Darich (pronounced “Dah-reach”) was born and raised in a town near the capital of Puerto Rico called Trujillo Alto. Based in New York, right now he’s traveling to and from Florida selling his ferments at markets along the way. He also teaches Fermentation Workshops and has Fermentation Dinners, where he serves a five-course meal with each dish featuring a different kind of fermentation. Not only does Darich serve as a Fermentation Revolutionary; seed saving, planting, maintaining, and harvesting are also a core component of Darich’s raison d’être. He claims that his grandmother, Roselia Gil Peréz, instilled in him much of this passion for plants, and I can tell from the way he speaks about her that he regards her with deep respect and love. He tells me that she is an amazing, “next level” gardener, cook, and herbal medicine woman. Beyond his grandmother’s initial inspiration, Darich has done his own research on and experimentation with both traditional foods and ferments of Puerto Rico and with those from the rest of the world. For Darich, experiencing different food traditions, especially those of his ancestors, helps him get closer to his true identity. “My identity through food becomes more rainbow the more I look at it. It only makes me feel closer to other traditions and cultures. I understand now that we are really just one family that has been separated into different cultures around the world, creating a beautiful quilt of traditions.”
Pictured: Darich teaching at one of his Fermentation Workshops.
Islands, Pigs, and Rooftop Gardens
I met Darich while visiting my friend Caroline at a small, regenerative vegetable farm down in Gainesville, Florida. We had just spent a hot, sunny morning helping weed and prep for market, and after a cool dip in a nearby spring, we hopped in her car and prepared to head home. Just as Caroline turned the keys, a man, carrying two heavy-looking 5-gallon buckets, appeared from the forest bordering the property. “Who’s that?” I asked. “Oh! That’s Darich. He’s been staying at the farm the past couple weeks. Hi Darich!” Caroline waved and rolled the window down. A gigantic grin split across his face and he changed course for our car. We found ourselves talking seeds, farming, and ferments for the next good while. We learned that the gigantic buckets he was carrying were full of fermented ginger beer he’d brewed for the farm as a gift for hosting him. I knew in that moment we’d be friends.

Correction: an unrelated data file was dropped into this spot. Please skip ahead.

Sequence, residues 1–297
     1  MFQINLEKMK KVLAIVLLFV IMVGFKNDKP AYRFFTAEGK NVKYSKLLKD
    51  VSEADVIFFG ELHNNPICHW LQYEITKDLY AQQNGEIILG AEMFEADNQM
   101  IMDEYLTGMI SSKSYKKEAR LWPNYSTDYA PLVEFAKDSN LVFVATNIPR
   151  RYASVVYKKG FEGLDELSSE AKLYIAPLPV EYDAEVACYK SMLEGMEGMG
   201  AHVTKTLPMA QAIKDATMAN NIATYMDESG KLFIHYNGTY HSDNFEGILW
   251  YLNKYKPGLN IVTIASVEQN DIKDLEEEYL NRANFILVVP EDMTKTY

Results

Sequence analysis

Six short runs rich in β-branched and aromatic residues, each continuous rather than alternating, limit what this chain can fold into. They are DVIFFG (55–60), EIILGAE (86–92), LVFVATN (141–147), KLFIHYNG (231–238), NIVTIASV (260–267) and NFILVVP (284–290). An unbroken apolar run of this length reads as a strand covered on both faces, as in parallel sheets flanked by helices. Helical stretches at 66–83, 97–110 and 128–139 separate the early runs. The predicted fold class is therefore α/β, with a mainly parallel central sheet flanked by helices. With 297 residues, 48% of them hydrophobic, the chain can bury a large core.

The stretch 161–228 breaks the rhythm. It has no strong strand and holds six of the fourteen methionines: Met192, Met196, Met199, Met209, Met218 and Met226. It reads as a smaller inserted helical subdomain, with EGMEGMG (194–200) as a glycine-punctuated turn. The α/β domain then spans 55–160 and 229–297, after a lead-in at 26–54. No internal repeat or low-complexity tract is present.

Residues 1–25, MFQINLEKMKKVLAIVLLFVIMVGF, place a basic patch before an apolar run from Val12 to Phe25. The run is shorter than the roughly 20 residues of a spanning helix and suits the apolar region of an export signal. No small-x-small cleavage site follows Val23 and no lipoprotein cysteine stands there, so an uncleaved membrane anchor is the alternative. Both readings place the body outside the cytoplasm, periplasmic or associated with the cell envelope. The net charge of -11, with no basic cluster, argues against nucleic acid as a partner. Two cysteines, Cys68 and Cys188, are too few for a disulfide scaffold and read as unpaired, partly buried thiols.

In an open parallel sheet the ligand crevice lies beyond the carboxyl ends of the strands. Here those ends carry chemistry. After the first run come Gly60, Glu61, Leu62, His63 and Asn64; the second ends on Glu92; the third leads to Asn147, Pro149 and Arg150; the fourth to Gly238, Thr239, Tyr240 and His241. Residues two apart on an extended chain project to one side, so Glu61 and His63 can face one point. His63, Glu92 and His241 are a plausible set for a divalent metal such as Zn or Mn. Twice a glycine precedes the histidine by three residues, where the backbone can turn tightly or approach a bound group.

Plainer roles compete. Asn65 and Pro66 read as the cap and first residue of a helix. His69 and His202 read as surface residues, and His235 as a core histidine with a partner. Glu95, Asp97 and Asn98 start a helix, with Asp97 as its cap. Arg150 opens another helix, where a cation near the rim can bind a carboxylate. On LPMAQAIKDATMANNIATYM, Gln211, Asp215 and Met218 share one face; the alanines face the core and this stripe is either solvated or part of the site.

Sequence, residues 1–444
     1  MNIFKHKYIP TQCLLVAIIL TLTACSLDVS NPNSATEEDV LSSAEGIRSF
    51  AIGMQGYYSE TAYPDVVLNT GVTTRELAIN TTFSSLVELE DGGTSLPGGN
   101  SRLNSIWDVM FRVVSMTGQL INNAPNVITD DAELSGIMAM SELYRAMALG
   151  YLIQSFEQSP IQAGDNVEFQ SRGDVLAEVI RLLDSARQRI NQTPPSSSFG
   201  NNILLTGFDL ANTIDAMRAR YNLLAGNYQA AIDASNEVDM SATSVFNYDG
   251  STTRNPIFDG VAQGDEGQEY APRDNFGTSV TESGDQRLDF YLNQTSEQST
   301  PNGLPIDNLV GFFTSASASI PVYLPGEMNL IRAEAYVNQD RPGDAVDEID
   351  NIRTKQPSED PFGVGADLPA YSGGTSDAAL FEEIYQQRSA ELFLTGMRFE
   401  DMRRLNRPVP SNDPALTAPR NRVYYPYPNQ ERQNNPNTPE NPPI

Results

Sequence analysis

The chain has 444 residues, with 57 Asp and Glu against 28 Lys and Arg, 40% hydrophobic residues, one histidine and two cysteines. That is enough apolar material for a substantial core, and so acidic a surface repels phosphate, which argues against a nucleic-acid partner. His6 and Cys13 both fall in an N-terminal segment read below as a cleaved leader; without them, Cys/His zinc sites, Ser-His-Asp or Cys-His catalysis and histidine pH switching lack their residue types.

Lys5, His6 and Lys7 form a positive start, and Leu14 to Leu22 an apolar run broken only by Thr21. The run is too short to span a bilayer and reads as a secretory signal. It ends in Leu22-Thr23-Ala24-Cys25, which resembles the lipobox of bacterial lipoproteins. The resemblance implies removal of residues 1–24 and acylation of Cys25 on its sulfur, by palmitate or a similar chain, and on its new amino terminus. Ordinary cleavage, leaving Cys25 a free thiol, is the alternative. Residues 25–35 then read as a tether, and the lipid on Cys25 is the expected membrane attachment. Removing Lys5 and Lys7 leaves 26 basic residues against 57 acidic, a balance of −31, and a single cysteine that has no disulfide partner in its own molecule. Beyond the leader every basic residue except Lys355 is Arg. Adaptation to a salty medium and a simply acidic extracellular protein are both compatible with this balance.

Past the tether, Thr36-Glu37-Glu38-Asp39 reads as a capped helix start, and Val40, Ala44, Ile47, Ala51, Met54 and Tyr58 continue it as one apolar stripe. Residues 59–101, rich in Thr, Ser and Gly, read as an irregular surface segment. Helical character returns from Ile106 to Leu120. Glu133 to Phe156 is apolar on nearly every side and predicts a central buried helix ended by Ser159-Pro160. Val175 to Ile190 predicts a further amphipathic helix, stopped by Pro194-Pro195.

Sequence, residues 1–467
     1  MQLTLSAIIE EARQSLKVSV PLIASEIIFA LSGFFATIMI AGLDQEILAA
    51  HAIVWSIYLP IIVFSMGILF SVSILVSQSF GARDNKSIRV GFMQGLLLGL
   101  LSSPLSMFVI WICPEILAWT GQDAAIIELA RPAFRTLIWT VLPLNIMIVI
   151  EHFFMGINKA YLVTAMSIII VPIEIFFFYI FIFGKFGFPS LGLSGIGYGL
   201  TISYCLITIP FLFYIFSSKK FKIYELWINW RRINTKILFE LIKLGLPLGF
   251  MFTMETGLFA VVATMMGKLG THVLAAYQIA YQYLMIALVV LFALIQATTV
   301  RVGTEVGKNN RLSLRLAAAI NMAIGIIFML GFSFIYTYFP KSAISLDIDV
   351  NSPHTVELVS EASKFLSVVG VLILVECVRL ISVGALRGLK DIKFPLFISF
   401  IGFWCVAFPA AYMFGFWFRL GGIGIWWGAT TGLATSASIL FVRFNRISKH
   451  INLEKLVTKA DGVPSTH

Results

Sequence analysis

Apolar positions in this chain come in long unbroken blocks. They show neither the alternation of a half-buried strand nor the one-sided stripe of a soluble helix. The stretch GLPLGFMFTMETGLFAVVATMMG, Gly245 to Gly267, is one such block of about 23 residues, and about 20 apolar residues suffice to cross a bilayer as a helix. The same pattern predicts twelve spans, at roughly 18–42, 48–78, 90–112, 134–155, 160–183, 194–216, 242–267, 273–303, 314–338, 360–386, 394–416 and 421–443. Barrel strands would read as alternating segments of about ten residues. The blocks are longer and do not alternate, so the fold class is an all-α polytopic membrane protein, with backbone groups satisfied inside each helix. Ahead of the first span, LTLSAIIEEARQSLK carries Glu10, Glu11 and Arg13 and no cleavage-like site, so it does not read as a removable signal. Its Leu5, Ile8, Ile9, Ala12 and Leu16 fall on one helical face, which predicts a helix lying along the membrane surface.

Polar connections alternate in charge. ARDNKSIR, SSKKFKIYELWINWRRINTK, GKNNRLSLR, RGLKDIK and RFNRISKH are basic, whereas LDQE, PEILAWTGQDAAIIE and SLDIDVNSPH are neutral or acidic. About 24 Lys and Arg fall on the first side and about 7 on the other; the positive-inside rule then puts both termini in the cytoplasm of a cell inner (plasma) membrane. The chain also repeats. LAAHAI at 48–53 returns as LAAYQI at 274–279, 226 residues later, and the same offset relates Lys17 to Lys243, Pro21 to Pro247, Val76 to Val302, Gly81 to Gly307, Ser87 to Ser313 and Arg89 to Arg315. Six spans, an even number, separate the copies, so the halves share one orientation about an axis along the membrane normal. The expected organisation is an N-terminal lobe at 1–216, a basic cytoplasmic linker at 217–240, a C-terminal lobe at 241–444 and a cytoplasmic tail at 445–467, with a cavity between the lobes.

Pictured: Darich's sweet grin :)
Although Darich has lived in the United States for the past seven years, he spent most of his life in the northeastern region of Puerto Rico near San Juan. Puerto Rico is a small island in the Caribbean and an unincorporated US territory with a population of 2.8 million people. Its ecosystems are as rich and diverse as its people, who are Taíno (an indigenous people who have inhabited much of Central America for generations), Spanish, African, and more. Puerto Rico’s history is very complex, involving the Atlantic slave trade as well as generations of colonialism which resulted in a great diversity of cultures and ethnicities. (To learn more about the history of Puerto Rico, click here).
Darich was the first in his family to attend college, and immediately fell in love with learning when he began school at the University of Puerto Rico. He studied everything from psychology to education to history, all the way to interior design and sociology. Darich had so many interests and passions. He could never quite seem to finish studying one thing before he’d taken up another, but finally, he decided to do a Culinary Arts program for a year to prove to himself that he could finish something. After that, he became very interested in food and farming, and began looking for opportunities for WWOOFing in the States. He blames his grandmother for inciting this passion in him for travel; “Before I left home, my grandma told me, ‘you don’t have any kids yet, you are free! Go and explore the world.’ I took her too seriously, and now I’m traveling all around the world!” He chuckles to himself.